Future President Rutherford B. Hayes’ After Action Reports on the Battles of Winchester, Fisher’s Hill, and Cedar Creek

Gen Rutherford B. HayesOhio native and future 19th President of the United States Rutherford B. Hayes was a 38 year old Cincinnati lawyer when he was appointed major of the 23rd Ohio Infantry in June of 1861. Hayes was one of two future presidents in the 23rd Ohio; William McKinley, the 25th President also served in this same unit.

Hayes was wounded at the Battle of South Mountain in Maryland on September 15th, 1862. In the summer of 1864, Hayes was placed in command of a brigade in Major General George Crook’s Army of West Virginia. The brigade included the 23rd and 36th Ohio, plus the 5th and 13th West Virginia infantry regiments. The Army of West Virginia saw considerable action in Major General Philip Sheridan’s Shenandoah Valley Campaign against General Jubal Early’s Confederate Army in the late summer and fall of 1864.

On September 19th, Hayes assumed command of the Army of West Virginia’s 2nd Division when the division’s commanding officer was wounded at the Battle of Winchester, or Opequon as it is also called. The division consisted of two infantry brigades; besides his own 1st Brigade, the division’s 2nd Brigade consisted of the 34th and 91st Ohio, and 9th and 14th West Virginia infantry regiments. Over the course of the next month, Hayes commanded the division in the Battles of Winchester, Fisher’s Hill, and Cedar Creek. Here are his official reports for those battles, all Union victories. Note that he often refers to his West Virginia regiments as the “Ninth Virginia” or Fourteenth Virginia”, etc. when they were indeed West Virginia units. Also note that Hayes’ report on Cedar Creek was filed with fellow future president McKinley.

HEADQUARTERS SECOND INFANTRY DIVISION,
ARMY OF WEST VIRGINIA, Near Cedar Creek, Va., October 13, 1864.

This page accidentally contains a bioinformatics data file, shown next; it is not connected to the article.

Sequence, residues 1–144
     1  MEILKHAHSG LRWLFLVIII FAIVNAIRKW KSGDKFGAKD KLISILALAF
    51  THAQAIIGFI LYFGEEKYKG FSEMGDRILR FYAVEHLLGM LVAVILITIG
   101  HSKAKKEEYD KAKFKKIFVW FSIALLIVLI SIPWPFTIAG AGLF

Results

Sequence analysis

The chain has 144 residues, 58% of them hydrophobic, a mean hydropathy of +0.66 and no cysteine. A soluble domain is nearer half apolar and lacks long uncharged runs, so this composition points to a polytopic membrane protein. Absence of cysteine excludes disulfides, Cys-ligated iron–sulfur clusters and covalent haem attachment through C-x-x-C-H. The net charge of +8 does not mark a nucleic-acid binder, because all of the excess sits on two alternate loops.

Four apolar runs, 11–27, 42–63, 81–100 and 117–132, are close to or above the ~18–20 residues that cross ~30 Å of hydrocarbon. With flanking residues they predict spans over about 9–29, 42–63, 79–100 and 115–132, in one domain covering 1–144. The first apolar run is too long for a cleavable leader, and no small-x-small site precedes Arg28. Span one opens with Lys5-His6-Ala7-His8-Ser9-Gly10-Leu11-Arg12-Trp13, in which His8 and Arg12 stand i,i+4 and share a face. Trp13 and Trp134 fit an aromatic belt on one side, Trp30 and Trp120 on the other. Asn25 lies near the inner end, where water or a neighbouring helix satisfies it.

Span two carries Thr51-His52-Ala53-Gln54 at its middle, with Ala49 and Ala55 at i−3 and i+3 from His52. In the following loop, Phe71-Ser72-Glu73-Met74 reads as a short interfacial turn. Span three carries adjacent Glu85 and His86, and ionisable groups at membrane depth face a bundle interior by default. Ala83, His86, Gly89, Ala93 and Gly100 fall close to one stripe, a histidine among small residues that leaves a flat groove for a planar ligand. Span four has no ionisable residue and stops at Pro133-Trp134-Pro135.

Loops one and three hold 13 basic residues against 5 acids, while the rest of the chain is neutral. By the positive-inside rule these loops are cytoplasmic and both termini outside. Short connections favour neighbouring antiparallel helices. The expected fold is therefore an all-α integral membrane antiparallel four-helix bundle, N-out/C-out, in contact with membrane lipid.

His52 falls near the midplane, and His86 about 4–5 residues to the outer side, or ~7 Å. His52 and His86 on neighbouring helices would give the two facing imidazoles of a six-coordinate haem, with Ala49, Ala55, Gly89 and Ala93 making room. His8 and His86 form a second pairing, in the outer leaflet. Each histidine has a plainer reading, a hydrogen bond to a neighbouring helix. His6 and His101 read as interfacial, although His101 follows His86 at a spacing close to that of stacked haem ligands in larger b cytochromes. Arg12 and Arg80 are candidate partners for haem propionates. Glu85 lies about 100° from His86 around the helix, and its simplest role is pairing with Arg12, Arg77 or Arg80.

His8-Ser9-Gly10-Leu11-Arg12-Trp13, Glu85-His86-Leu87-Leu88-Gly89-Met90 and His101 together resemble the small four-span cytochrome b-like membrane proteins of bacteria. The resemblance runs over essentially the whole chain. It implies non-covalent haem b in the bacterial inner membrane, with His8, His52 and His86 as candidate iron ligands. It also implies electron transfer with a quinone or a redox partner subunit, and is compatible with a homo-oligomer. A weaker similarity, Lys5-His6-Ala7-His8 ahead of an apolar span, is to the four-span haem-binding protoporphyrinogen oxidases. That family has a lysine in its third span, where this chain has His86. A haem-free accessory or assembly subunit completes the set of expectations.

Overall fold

CAPTAIN: I have the honor to report that at the battle of Opequon, September 19, 1864, the Second Infantry Division, Army of West Virginia, was commanded by Col. Isaac H. Duval until late in the afternoon of that day, when he was disabled by a severe wound, and the command of the division thereupon devolved upon me. Colonel Duval did not quit the field until the defeat of the enemy was accomplished and the serious fighting ended. The division took no part in the action during the forenoon, but remained in reserve at the Opequon bridge, on the Berryville and Winchester pike. The fighting of other portions of the army had been severe, but indecisive. There were some indications as we approached the battle-field soon after noon that the forces engaged in the forenoon had been overmatched. About 1 p.m. this division was formed on the extreme right of the infantry line of our army, the First Brigade, under my command, in advance, and the Second Brigade, Col. D. D. Johnson commanding, about sixty yards in the rear, forming a supporting line; the right of the Second Brigade being, however, extended about 100 yards further to the right than the First Brigade. The division was swung around some distance to the left, so as to strike the rebel line on the left flank. The rebel left was protected by field-works and a battery on the south side of Red Bud Creek. This creek was easily crossed in some places, but in others was a deep, miry pool from twenty to thirty yards wide and almost impassable. The creek was not visible from any part of our line when we began to move forward, and no one probably knew of it until its banks were reached. The division moved forward at the same time with the First Division, Colonel Thoburn, on our left, in good order and without much opposition until we unexpectedly came upon Red Bud Creek. This creek and the rough ground and tangled thicket on its banks was in easy range of grape, canister, and musketry from the rebel line. A very destructive fire was opened upon us, in the midst of which our men rushed into and over the creek. Owing to the difficulty in crossing, the rear and front, lines and different regiments of the same line mingled together and reached the rebel side of the creek with lines and organizations broken; but all seemed inspired by the right spirit, and charged the rebel works pell-mell in the most determined manner. In this charge our loss was heavy, but our success was rapid and complete. The rebel left in our front was turned and broken, and one or more pieces of artillery captured. No attempt was made after this to form lines or regiments. Officers and men went forward pushing the rebels from one position to another until the defeated enemy were routed and driven through Winchester. ‘Twice during the afternoon the rebels reformed behind lines of earth-works and stone fences, and succeeded in temporarily checking our advance; but very opportunely the cavalry on these occasions on our left, under General ———-, charged in magnificent style the rebel lines and destroyed their last chance of holding the field. This division followed the rebel rout into Winchester, being the first troops to enter the town; marched through and at dusk camped south of the town, having passed from the extreme right of the infantry line of our army to a point beyond the extreme left.